Why America Needs More Porn

We interviewed Dan Savage on the state of our country's porn and what it takes to put on an adult film festival.
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Ali Drucker
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We interviewed Dan Savage on the state of our country's porn and what it takes to put on an adult film festival.
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It rakes in 450 million viewers per month on millions of sites across the web. It overwhelms your browser with explicit pop-ups. It’s even garnered some pretty hilarious parodies starring a Donald Trump look-alike. So it stands to reason the last thing you might think about porn is that we need more of it.

But we do, and badly. While there’s a corresponding click for every kink out there, mainstream porn represents a narrow scope of what many real people actually want in bed. The antidote for all that vanilla jerk-off material may just lie in HUMP!, acclaimed sex advice columnist Dan Savage’s amateur porn festival. To be certain, however, there’s only one way to find out. So I bought a ticket, dragged along a co-worker, and sat down in a packed auditorium to watch roughly 90 minutes of pornography in a room of total strangers—and it was easily the best Friday night I’d had in awhile.

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It’s jarring at first, almost uncomfortably so. The lights go down, and within moments you’re greeted with horny grocery store owners making love to anthropomorphized kiwis and grapes. Or my personal favorite, a genital-conducted orchestra film entitled “Beethoven’s Stiff.” 

While some films are serious or lean more toward the hardcore genre, the vast majority seem perfectly engineered to make you laugh. Unlike porn parodies made by companies like Woodrocket that borderline schticky and almost always feature the same hetero penetration that pervades the industry, the films at HUMP! are off-the-wall absurd, embracing a new genre of porn as entertainment, rather than straight-up erotica.

But to experience it to the fullest, you need to surrender control over what you’re watching. “What’s different is people don’t come to HUMP! to masturbate," Savage told Maxim. "If you come, you’re going to watch porn that you would not click on if you were home alone. And what I think is happening is at first all anybody can see is what’s different: that’s not my thing, that’s not my plumbing, that’s not the body type that I’m attracted to, those aren’t sexual acts that interest me.”

He’s not wrong. I definitely shied away from any close ups of vaginas—I’ll admit, straight woman that I am, and though I’ve got one of my own, I don’t find them the most attractive part of the body. The humor, so expertly delivered in moments like a karaoke party turned full-on orgy, softens all that. “About a third of the way through, everyone is beginning to tap into what’s exactly the same... the passion, the vulnerability, the sense of humor, the desire—all of that is more important,” Savage explains.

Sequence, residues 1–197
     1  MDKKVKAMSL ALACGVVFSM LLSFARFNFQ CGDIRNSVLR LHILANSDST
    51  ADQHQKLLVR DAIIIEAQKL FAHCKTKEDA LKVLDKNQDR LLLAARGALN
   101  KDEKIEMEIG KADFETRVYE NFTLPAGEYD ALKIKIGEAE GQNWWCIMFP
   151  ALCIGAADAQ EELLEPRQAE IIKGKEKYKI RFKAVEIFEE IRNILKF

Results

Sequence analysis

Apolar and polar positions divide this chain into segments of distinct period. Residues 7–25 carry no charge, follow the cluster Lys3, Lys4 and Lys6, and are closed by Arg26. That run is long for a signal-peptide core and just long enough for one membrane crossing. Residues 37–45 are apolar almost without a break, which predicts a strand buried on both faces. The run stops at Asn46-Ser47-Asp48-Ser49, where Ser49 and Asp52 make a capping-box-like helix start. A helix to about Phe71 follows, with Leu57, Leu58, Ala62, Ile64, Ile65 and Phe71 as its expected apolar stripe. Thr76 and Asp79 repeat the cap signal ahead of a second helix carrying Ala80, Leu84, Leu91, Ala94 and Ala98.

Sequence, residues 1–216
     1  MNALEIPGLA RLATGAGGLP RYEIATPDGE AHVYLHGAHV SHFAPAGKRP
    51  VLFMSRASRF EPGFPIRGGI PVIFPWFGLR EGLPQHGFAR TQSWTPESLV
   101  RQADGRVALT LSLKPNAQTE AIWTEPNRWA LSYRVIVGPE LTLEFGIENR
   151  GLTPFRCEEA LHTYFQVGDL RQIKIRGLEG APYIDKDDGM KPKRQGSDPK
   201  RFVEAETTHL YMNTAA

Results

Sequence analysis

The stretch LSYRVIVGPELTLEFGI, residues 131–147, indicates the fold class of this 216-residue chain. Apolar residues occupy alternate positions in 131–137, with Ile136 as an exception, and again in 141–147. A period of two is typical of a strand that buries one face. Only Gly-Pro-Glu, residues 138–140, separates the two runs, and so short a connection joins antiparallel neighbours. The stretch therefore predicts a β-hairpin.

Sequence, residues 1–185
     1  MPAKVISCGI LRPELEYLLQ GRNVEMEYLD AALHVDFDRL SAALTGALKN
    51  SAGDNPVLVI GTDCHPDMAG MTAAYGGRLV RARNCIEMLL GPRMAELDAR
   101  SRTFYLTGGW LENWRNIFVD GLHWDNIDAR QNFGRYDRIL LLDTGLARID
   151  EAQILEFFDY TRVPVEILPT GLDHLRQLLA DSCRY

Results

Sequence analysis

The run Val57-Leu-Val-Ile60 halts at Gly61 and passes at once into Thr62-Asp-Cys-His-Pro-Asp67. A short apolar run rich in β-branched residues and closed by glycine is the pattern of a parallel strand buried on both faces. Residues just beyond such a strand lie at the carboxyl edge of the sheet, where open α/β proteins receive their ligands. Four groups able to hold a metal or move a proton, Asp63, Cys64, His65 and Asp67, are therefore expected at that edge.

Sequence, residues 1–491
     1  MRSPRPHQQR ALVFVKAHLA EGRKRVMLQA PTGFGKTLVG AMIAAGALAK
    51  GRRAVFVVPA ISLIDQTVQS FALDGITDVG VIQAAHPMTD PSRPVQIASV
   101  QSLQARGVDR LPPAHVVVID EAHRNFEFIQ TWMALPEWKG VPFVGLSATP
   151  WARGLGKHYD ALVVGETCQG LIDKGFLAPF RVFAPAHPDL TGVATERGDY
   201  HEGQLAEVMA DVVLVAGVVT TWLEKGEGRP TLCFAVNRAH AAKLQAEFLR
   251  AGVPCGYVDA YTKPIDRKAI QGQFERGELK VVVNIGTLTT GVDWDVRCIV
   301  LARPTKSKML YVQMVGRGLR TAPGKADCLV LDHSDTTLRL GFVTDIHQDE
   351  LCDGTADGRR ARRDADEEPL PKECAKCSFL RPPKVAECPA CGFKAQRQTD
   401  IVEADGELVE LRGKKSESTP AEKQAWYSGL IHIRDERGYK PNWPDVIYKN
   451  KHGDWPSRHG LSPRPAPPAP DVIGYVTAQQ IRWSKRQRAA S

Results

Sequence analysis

And those are the qualities we need more of in modern porn. For a few days every year, Savage and his team of fellow curators pour over hundreds of submissions, looking for the handful that most exhibit those elements. So why a porn festival for amateurs? He answers plainly: “Because sex is fun and funny, because people need creative outlets, because we shouldn’t be afraid of our genitals, and because I think it helps us to appreciate each other’s common humanity.”

Lofty goals for a bunch of people getting naked in front of a camera. We as an audience may be benefiting from their performance, but the incredibly strict security measures that prohibit any taping or streaming offer up the actors a chance to live out a dream of being porn stars for a weekend, without the digital footprint. Though it’s largely the environment of going to the movies to see any rom-com, Savage admits that he’s had to act as clock block extraordinaire once: “We had an incident where people in the audience…well, a blowjob was given or a blowjob was attempted. We stopped it.” 

But it's almost impossible that you could maintain any arousal for long, given that some of the films seem to be purposely transgressive. One such film, entitled “Twincest” was an animated affair that explained through a tongue-and-cheek jingle why your twin might be the best bedmate of all. To some, this might raise eyebrows, but to Savage, that’s exactly the point. “I don’t think anything really should be taboo as long as it’s consenting adults,” he says.

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You won’t find the self-crowned King Porn engaged in marathon YouPorn binges: “I like to read dirty stories. I have actually a crazy collection of dirty porn pulp novels from the fifties and sixties, because it’s really hot...Shining a light up at an orifice and then sliding a dick in and out of it – I don’t really want to watch that.” Duly noted.

It’s all fun, funny, and irreverent, but how we consume porn in America speaks to larger issues that HUMP! tackles head-on. “I have a teenage son who is straight, and I tell him that a lot of porn is produced for people who are very angry—angry that they can’t be with the person that they are looking at," says Savage. "And so they want access to that person and they want to look at that person, but they also want to see that person punished in a way that isn’t sexy or healthy or consensual.” All the porn at HUMP!, however, is consensual first and foremost.

But what else makes for good porn? I asked Savage to fill in the blank: “Good porn always…” Two steps ahead, he replies, “It should just be one dot. Good porn always. Period. Life’s too short for bad porn.”

HUMP! runs through October, check to see if it's coming to a city near you here.